The Sarasota Orchestra's illustrates the beauty that made these Beethoven and Brahms pieces classics.
| 5:26 p.m. January 8, 2017
Arts + Entertainment
An all Beethoven or Brahms concert is somewhat a rarity in these days of diverse programming, but that’s exactly what the Sarasota Orchestra gave us this past weekend with Beethoven’s Coriolanus Overture and Third Piano Concerto and the Brahms First Symphony. These works (oddly enough, all in the key of C Minor), are so familiar, I even heard the term “warhorses” uttered by one concertgoer. And I must confess that after performing, conducting and living with these works for over 60 years, I wasn’t quite expecting the wonderful musical experience that ensued.
Under the skillful and most musical conducting of Case Scaglione, former associate conductor of the New York Philharmonic and now conducting worldwide, these three works revealed a transparency, musicality and beauty that has made them classics. Scaglione’s beat is conservative, clear, and concise; he knows what he wants from the music, and even within the confines of the Van Wezel acoustics, he achieves it.
Soloist in the Beethoven was pianist Yulianna Avdeeva, who played with consummate elegance and an abundance of technique. Her Beethoven was more introspective than dynamic, but she made her musical point. Scaglione and the orchestra accompanied her with great sensitivity. She rewarded the audience with a virtuoso performance of Mendelssohn’s “Spinning Song,” which delighted everyone.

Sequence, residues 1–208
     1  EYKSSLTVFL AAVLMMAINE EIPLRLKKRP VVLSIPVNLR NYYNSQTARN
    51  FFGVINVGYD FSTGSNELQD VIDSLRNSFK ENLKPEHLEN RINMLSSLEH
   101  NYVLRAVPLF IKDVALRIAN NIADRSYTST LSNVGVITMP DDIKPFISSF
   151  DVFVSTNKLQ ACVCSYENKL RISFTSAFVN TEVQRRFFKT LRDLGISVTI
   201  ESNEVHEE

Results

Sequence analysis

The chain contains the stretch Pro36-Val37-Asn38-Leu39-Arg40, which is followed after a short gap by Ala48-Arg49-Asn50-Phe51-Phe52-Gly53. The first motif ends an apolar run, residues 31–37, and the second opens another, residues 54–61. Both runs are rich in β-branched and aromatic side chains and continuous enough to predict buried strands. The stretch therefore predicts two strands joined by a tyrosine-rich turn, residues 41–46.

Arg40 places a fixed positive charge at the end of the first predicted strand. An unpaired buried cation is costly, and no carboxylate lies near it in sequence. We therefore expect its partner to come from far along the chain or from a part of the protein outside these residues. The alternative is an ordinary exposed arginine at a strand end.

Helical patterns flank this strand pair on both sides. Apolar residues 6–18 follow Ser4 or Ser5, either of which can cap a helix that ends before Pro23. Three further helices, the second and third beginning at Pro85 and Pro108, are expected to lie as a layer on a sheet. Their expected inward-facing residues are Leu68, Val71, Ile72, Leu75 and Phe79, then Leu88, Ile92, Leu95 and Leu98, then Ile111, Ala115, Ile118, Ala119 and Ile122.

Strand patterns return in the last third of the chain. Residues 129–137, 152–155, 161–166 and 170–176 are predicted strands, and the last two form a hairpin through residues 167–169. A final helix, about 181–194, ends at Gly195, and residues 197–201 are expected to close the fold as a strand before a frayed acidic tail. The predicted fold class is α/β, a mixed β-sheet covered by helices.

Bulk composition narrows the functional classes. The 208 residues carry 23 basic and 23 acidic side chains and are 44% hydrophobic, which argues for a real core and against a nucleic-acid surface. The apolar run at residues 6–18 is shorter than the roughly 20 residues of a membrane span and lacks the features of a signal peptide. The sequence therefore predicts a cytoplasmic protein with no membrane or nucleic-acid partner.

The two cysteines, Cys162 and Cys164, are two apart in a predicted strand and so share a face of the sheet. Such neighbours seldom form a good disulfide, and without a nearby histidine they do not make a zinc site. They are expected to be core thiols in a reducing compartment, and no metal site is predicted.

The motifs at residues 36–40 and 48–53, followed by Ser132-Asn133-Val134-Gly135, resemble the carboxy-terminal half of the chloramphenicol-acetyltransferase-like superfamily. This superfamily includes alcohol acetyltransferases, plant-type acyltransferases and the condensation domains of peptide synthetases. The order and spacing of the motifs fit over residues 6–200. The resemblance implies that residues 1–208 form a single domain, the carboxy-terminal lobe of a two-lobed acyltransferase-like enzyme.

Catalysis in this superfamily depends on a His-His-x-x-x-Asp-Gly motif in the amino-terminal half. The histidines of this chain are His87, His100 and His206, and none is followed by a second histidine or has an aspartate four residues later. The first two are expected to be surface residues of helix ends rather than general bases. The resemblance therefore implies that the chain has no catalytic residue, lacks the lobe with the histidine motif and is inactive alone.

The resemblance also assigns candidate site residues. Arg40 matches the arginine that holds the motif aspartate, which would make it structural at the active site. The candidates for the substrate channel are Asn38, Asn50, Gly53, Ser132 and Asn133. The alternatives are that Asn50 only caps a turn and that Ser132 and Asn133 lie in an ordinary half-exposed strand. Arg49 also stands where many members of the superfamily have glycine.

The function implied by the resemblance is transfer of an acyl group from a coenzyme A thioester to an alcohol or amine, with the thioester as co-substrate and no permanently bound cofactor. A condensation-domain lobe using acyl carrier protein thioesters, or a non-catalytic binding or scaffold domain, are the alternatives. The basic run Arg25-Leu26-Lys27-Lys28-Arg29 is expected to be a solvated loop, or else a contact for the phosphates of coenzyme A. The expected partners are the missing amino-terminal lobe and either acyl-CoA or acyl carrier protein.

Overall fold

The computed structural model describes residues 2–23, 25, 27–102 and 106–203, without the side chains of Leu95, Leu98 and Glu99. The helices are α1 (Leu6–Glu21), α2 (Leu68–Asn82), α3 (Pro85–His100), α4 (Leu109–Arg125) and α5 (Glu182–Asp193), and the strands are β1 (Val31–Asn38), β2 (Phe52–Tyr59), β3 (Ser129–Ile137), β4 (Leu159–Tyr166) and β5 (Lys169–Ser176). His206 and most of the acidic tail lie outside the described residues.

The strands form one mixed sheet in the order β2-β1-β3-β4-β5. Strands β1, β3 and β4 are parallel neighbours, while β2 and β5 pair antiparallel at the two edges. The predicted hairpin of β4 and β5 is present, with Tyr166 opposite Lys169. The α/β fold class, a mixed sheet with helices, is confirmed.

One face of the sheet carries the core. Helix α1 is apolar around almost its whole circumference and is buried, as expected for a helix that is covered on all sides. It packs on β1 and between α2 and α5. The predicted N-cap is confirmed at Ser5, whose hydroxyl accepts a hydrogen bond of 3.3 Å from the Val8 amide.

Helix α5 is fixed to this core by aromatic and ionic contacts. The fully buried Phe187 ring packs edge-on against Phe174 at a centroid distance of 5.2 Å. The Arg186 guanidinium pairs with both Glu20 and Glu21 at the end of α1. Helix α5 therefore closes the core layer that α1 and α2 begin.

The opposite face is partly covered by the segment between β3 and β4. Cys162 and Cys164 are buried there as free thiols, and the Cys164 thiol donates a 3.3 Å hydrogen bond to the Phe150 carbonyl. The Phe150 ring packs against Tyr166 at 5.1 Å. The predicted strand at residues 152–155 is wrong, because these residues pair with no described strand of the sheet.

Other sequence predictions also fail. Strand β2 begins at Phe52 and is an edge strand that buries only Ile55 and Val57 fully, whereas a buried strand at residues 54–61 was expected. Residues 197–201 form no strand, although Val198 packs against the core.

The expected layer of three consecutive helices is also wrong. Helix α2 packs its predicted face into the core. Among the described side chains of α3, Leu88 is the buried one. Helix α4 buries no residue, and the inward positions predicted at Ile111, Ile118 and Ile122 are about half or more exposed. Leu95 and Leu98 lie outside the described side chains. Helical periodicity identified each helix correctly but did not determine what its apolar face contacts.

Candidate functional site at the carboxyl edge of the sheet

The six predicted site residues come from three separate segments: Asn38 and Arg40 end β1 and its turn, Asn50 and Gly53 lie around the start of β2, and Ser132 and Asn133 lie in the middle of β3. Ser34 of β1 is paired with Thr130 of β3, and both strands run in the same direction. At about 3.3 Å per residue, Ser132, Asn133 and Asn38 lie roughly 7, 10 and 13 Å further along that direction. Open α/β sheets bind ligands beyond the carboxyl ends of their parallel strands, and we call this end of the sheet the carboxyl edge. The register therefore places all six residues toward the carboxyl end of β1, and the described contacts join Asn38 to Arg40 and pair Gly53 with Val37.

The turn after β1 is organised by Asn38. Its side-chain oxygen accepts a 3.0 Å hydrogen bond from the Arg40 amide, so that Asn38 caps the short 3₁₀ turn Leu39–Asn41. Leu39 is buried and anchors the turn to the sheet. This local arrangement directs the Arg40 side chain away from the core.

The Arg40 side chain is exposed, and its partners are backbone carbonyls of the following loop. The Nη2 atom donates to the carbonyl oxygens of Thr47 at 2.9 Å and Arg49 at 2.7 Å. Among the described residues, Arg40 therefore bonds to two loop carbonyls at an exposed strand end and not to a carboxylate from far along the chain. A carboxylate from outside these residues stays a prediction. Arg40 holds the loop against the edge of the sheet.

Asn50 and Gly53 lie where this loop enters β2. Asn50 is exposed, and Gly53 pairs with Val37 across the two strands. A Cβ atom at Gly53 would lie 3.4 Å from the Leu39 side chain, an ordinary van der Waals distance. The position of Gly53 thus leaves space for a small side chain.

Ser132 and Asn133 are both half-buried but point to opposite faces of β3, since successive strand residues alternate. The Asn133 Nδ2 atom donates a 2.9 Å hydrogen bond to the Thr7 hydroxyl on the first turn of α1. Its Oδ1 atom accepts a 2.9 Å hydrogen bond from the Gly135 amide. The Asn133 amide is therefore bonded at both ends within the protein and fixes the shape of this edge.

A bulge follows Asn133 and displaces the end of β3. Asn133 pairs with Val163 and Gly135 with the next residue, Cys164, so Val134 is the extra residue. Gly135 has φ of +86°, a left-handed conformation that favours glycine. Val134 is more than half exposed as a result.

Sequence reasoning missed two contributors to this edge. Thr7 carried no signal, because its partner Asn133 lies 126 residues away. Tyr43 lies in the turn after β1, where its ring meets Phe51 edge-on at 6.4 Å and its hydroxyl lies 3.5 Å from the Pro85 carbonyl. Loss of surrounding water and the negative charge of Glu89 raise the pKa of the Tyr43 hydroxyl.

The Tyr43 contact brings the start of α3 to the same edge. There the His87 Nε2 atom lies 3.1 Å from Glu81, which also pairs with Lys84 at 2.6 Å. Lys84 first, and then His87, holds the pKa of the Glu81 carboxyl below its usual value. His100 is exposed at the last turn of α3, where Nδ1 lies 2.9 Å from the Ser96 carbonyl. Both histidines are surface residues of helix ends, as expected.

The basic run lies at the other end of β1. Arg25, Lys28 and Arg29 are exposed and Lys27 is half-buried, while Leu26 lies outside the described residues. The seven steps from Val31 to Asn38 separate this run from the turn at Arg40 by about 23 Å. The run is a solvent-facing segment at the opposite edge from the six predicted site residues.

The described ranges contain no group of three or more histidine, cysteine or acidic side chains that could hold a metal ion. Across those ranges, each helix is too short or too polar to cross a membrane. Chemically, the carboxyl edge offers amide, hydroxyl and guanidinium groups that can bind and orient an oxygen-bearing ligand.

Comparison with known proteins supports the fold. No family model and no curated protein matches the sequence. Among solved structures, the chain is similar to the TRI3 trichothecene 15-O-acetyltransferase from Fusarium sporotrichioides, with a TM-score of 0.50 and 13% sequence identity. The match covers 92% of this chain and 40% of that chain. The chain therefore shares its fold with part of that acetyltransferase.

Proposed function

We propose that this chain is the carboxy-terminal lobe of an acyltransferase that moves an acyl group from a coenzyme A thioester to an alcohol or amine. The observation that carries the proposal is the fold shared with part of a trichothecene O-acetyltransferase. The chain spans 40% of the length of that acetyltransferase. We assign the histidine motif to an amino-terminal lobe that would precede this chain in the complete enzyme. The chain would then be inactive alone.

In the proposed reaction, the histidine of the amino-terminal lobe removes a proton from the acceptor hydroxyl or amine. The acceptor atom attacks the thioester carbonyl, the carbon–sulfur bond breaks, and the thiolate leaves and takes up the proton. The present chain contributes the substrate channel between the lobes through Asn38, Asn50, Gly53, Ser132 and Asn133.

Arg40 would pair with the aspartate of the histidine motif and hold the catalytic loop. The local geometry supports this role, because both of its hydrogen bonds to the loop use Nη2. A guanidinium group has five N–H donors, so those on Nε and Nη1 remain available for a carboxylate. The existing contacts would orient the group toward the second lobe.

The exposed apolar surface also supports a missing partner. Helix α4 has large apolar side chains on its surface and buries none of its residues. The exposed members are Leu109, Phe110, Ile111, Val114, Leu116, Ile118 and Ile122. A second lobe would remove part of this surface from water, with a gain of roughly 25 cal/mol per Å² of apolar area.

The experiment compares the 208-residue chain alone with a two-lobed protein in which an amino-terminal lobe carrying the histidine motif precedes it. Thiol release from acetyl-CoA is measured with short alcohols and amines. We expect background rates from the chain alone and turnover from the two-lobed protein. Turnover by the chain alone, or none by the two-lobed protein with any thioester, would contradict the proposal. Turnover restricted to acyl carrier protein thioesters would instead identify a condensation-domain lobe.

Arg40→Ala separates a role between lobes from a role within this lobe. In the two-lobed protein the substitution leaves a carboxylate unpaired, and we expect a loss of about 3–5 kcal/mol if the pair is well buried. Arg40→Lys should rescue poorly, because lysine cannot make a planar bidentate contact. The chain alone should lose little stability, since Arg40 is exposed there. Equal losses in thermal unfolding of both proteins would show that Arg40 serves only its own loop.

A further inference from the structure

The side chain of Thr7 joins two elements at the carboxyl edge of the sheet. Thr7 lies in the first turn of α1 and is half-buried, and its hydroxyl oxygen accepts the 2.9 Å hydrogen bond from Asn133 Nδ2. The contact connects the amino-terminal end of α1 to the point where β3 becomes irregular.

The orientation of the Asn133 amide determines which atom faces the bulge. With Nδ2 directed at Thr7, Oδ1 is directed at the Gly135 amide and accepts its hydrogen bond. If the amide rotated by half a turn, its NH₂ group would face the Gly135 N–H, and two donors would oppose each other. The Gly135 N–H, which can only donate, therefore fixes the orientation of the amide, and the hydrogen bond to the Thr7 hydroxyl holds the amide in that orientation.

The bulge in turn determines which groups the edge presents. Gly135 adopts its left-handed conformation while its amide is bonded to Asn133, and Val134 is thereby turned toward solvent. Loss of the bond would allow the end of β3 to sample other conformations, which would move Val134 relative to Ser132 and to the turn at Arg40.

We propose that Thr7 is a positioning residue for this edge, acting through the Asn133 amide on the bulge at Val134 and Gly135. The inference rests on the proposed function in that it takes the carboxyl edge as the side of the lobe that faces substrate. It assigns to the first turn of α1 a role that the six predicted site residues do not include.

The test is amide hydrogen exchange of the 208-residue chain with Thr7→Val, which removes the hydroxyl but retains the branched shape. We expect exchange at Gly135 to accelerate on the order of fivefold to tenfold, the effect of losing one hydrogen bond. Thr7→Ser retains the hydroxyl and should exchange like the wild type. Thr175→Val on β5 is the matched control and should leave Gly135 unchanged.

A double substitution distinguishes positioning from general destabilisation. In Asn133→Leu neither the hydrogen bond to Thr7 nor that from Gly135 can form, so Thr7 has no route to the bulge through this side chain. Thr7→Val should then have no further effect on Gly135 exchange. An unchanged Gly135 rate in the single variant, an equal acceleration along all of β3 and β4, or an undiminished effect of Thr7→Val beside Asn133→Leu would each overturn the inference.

Brahms’ First Symphony is a cornerstone of the orchestral literature, combining the form and clarity of the Classical Period with the lush melodies and harmonies of the Romantic. Throughout the work, he recaps fragments of melody, rhythm, and harmony, creating a great arch of musical ideas, unifying the colossal entity into one great composition. Scaglione knows that unity and created a performance of nuance and control, from almost inaudible pizzicato strings to the stirring brass chorale of the last movement; yet the instrumental soloists played with a freedom of expression, as if the entire symphonic performance was chamber music. This symphony is full of orchestral solos, each one played to perfection, and those players were rewarded with solo bows at the end of the evening.
With each performance, the Sarasota Orchestra continues to grow as an ensemble, and it is indeed unfortunate that this outstanding orchestra is not better known outside Sarasota.